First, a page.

Park, K. (1993). A comparative study of the traditional calculus course vs. the Calculus & Mathematica course. (Doctoral dissertation, University of Illinois at Urbana-Champaign, 1993).

Kyungmee Park, evaluating Calculus&Mathematica at the University of Illinois, assessed students' conceptual understanding by means of classroom observations, attitude surveys, interviews, pre- and post-tests, and concept maps drawn by the students. She developed an elaborate scoring system for the concept maps. Park was able to give both pre- and post-tests to all students during class, although the lengths of the tests were limited by time constraints. She found that Calculus&Mathematica students showed greater understanding of the relationships between graphical and symbolic representations that did students in the traditional course. The C&M students also developed significantly more positive attitudes toward cooperative learning, while students in the traditional sections showed only slight changes in this area. If you are interested in concept maps, read this. |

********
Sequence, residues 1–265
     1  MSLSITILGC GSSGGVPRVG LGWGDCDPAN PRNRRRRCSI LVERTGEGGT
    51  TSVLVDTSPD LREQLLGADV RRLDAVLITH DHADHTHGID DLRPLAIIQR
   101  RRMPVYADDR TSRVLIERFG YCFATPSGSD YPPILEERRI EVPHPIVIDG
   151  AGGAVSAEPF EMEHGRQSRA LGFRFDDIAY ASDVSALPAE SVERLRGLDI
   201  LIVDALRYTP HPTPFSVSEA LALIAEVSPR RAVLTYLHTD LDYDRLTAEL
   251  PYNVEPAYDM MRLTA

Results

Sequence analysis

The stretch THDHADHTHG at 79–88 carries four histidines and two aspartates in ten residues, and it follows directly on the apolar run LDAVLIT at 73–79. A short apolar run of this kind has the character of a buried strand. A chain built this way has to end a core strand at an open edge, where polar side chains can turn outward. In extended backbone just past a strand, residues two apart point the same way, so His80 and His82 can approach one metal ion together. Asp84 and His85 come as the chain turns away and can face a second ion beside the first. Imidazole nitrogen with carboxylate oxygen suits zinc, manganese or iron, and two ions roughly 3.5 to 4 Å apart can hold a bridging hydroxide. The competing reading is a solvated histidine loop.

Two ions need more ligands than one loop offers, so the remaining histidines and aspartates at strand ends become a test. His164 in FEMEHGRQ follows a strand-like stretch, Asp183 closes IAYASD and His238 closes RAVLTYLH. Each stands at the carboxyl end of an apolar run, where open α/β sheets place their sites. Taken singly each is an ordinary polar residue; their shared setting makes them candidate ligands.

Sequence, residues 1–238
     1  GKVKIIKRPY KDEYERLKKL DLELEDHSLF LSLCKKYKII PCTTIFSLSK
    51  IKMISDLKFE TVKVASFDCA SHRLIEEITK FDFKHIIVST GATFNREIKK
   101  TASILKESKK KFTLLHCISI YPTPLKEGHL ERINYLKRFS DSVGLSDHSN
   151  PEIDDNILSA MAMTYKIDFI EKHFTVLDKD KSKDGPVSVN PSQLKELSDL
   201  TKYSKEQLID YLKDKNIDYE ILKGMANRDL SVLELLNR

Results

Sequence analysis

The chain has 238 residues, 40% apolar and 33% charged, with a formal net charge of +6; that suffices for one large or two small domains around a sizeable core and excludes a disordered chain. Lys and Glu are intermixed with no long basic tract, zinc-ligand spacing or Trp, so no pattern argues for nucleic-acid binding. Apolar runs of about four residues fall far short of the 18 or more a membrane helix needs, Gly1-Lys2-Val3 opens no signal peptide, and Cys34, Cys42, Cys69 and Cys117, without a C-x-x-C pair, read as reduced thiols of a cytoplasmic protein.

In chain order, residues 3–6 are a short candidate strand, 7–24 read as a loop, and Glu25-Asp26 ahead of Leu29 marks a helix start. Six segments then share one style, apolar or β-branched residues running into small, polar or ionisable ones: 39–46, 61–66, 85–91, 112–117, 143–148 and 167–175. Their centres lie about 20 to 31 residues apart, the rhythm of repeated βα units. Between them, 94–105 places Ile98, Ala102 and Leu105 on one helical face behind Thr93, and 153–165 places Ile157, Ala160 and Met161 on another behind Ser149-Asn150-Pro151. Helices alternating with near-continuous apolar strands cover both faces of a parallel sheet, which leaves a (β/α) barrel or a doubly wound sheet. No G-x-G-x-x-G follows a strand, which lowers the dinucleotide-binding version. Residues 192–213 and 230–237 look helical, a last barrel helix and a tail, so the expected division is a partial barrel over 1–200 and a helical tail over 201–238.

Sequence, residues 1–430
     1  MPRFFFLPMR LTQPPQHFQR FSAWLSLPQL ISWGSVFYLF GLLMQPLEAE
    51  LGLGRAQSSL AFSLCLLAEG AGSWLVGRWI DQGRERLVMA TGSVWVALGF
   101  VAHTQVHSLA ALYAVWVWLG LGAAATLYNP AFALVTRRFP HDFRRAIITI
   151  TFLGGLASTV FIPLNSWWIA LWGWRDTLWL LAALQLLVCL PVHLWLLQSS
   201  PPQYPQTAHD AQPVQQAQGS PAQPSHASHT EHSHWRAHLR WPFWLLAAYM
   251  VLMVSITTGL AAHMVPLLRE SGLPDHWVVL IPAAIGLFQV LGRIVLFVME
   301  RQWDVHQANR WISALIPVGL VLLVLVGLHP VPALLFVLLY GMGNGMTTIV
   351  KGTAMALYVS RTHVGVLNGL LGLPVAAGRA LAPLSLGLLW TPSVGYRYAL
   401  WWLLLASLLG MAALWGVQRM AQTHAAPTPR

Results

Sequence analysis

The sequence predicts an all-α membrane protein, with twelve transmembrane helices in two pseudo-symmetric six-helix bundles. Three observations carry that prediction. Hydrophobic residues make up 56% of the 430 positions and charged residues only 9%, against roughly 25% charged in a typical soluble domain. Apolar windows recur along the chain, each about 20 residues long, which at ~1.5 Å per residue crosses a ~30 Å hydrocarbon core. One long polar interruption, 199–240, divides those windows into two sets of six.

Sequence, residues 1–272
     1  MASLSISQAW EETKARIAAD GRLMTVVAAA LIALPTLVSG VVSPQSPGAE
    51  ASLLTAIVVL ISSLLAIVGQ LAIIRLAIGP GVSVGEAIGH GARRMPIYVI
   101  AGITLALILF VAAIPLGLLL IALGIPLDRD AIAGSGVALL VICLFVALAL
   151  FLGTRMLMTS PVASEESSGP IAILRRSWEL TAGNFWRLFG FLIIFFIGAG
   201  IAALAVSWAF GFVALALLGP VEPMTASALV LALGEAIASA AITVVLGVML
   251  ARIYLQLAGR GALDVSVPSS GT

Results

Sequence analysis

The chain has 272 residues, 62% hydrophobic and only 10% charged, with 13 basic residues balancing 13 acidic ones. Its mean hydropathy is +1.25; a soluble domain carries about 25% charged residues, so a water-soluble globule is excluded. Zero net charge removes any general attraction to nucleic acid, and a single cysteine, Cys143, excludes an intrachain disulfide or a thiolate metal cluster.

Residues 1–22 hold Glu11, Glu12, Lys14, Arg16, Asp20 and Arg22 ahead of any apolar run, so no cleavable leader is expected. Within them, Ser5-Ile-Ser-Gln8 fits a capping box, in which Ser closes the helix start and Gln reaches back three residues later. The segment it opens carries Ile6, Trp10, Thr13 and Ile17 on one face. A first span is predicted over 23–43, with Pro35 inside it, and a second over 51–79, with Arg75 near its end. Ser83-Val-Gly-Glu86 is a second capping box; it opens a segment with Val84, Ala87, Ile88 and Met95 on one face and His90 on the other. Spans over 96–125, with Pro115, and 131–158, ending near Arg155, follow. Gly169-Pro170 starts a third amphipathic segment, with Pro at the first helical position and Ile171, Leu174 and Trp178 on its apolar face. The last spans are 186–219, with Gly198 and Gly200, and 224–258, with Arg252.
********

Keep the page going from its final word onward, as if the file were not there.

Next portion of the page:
Park, K. & Travers, K. J. (1996). A comparative study of a computer-based and a standard college first-year calculus course. CBMS Issues in Mathematics Education, 6, 155-176.

This is a shorter description of Kyungmee Park's work than is found in her dissertation, and probably easier to find. The dissertation has much more material on the concept maps, and references to literature on concept maps, than this paper has. It is also the most recent paper in my list, and has 20 references, so it will be useful to anyone trying to start a literature review in this area. |